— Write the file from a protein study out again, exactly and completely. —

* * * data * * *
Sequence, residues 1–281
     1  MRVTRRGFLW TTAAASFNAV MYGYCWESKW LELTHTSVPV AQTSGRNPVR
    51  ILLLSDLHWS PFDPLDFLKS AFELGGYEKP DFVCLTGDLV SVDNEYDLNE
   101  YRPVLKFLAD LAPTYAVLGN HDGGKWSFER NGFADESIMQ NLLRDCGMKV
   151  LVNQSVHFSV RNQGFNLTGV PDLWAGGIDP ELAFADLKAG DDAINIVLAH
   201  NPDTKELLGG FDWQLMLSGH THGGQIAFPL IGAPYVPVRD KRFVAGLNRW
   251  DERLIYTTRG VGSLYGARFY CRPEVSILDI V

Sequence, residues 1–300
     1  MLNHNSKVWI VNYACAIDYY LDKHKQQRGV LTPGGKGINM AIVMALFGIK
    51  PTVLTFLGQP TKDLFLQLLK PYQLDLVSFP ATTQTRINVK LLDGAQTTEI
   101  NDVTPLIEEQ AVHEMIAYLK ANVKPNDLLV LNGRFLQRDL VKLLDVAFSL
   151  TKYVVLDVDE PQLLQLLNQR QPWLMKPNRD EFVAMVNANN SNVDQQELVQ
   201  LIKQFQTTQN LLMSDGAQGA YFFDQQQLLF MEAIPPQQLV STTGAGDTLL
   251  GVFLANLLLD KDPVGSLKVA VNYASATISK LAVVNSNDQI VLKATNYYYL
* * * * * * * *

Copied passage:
Sequence, residues 1–281
     1  MRVTRRGFLW TTAAASFNAV MYGYCWESKW LELTHTSVPV AQTSGRNPVR
    51  ILLLSDLHWS PFDPLDFLKS AFELGGYEKP DFVCLTGDLV SVDNEYDLNE
   101  YRPVLKFLAD LAPTYAVLGN HDGGKWSFER NGFADESIMQ NLLRDCGMKV
   151  LVNQSVHFSV RNQGFNLTGV PDLWAGGIDP ELAFADLKAG DDAINIVLAH
   201  NPDTKELLGG FDWQLMLSGH THGGQIAFPL IGAPYVPVRD KRFVAGLNRW
   251  DERLIYTTRG VGSLYGARFY CRPEVSILDI V

Sequence, residues 1–300
     1  MLNHNSKVWI VNYACAIDYY LDKHKQQRGV LTPGGKGINM AIVMALFGIK
    51  PTVLTFLGQP TKDLFLQLLK PYQLDLVSFP ATTQTRINVK LLDGAQTTEI
   101  NDVTPLIEEQ AVHEMIAYLK ANVKPNDLLV LNGRFLQRDL VKLLDVAFSL
   151  TKYVVLDVDE PQLLQLLNQR QPWLMKPNRD EFVAMVNANN SNVDQQELVQ
   201  LIKQFQTTQN LLMSDGAQGA YFFDQQQLLF MEAIPPQQLV STTGAGDTLL
   251  GVFLANLLLD KDPVGSLKVA VNYASATISK LAVVNSNDQI VLKATNYYYL